But data has been accessed primarily via several applications – a mobile web application, regional document visualization application and a tag cloud generator. And these have been built to make the data accessible to non-technical users. So, we need more of this to happen to make the data in the hub more user-friendly and spur demand.
Get IT and content providers to work together
These open systems are not made for the ‘non-techie’, average user. When I first looked at the Open API of a website, the programming language that came up on the screen did not make any sense to me. But there is clearly a lot that the system can throw up for generating useful content for those with the technical skills to use it. For this to happen, researchers and communicators would have to work alongside a technical team and play a more active role in the curation of data. This is the only way the potential of the system can be fully explored.
Research is often labeled according to the needs and interests of its user. So the same piece of research may be tagged as agriculture development, rural development or farmers. In the machine-readable world, this becomes a crucial difference that prevents data on the same themes from linking to each other. The taxonomies we use to describe information change depending on the organisation, sector and country.
So for the hub, we need a system for classifying data, which maps these different languages to ensure that data on the same theme and topic can find each other and hang together.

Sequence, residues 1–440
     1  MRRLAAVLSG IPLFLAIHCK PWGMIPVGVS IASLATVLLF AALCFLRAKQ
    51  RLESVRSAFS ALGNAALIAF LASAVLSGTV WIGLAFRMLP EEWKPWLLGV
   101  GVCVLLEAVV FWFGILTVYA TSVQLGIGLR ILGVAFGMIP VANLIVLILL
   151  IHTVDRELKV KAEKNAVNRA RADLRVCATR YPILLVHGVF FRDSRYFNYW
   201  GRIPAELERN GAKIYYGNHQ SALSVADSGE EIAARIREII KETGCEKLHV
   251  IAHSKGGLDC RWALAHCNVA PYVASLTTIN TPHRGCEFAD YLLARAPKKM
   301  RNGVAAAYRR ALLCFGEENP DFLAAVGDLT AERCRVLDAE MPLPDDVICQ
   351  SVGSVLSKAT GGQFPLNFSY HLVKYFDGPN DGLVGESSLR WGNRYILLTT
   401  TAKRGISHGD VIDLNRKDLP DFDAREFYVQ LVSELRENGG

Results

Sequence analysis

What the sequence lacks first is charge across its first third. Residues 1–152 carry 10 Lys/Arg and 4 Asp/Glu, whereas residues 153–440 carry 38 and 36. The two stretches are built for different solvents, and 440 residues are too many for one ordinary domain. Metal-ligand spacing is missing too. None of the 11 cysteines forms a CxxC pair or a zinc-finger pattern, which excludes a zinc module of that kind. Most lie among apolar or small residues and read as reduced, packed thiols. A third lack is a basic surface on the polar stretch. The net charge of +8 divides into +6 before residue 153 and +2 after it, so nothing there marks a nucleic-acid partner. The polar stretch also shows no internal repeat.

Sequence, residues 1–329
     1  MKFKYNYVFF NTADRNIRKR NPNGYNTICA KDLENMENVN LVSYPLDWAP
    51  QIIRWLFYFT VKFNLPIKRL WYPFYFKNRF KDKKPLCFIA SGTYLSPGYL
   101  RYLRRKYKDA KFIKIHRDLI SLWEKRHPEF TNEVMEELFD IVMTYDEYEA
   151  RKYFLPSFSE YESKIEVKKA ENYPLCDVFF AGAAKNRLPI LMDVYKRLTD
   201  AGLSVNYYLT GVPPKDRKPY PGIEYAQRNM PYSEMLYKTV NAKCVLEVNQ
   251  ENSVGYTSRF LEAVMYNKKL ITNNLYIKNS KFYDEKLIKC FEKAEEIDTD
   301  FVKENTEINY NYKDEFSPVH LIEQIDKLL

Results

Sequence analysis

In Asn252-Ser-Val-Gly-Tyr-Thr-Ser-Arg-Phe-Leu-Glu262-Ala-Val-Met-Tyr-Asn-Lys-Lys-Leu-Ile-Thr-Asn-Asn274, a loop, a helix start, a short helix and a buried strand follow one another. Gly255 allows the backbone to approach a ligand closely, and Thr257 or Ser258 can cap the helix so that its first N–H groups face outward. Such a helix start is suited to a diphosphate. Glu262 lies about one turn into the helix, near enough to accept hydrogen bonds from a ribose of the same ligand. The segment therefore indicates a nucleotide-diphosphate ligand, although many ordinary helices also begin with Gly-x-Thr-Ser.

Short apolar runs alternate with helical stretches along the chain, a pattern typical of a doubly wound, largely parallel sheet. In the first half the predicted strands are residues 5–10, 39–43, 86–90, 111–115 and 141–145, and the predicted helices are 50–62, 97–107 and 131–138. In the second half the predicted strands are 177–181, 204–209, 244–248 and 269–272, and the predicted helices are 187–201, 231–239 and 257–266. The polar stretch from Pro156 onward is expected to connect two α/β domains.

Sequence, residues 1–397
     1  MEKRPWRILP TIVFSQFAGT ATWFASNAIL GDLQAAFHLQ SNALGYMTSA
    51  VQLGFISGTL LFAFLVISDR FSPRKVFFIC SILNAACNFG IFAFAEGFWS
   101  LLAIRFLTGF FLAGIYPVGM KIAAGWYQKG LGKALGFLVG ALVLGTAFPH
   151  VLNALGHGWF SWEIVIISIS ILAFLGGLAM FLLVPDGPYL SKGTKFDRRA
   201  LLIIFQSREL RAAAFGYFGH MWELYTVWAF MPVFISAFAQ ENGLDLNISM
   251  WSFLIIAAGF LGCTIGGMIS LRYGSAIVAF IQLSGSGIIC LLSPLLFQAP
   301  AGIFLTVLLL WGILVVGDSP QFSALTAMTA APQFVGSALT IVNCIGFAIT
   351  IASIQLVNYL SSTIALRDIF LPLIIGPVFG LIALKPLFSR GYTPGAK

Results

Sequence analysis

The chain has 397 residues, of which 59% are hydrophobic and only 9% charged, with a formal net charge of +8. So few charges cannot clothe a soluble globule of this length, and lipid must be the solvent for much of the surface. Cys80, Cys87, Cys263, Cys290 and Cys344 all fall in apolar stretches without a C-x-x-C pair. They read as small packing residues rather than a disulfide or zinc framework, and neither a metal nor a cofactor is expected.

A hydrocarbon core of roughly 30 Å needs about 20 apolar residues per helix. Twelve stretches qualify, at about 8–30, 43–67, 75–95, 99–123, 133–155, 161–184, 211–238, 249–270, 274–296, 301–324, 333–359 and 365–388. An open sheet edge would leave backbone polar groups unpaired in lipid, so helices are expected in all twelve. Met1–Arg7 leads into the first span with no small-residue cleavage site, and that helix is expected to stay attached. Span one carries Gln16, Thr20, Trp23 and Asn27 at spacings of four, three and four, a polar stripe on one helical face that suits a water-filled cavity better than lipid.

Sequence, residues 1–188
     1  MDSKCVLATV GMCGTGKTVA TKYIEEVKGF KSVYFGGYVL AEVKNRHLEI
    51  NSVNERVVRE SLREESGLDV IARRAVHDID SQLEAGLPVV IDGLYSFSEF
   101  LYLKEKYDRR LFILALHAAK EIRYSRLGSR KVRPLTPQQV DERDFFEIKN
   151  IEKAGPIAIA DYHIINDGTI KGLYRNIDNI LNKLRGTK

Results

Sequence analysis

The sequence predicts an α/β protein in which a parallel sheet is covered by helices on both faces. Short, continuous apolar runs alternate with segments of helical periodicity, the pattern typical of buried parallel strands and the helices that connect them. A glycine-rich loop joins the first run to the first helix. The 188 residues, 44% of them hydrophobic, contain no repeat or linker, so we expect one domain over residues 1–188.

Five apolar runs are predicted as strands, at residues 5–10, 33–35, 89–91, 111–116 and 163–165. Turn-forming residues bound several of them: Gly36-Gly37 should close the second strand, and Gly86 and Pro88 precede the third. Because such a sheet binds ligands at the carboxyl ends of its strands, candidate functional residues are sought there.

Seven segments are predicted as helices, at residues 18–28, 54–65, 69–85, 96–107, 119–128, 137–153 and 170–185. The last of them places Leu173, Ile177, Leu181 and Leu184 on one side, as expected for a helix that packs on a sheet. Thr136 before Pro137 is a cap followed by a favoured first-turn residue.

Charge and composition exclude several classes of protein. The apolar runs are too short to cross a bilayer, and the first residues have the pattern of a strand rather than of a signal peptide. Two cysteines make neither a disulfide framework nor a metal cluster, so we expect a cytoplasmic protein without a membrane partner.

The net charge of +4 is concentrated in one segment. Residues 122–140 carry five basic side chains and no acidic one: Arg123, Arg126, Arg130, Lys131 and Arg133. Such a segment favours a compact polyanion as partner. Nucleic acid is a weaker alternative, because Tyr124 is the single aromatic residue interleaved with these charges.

Work out branding, attribution, licensing and copyright
How open can we be about sharing content? When our content gets used in some way e.g. featured on another website, will credit be given to the knowledge producer? If the knowledge service involves the production of summaries and abstracts of research articles, then it would be important to clarify with the original research producer on how they license others to re-use their content (e.g. creative commons).
Since research producers, knowledge service providers and funders often use web analytics as a metric for measuring success, organisations are often concerned that if their content is ‘open’, users may not ever visit their website. Thus they would be denied access to these important metrics. We need to therefore explore new ways of tracking how ‘open’ content is used beyond our own websites. Or we need to agree to share enough data so that users are directed to the originator’s website for full information.
The partners contributing to the Global Open Knowledge Hub are working through these issues. All the partners believe that development research has a crucial contribution to make to poverty reduction, but only if it is easily available and quickly accessible to users. So, what we are building together needs to become the prototype of what open systems should look like.
This blog post first appeared on The Institute of Development Studies’s Impact and Learning blog site.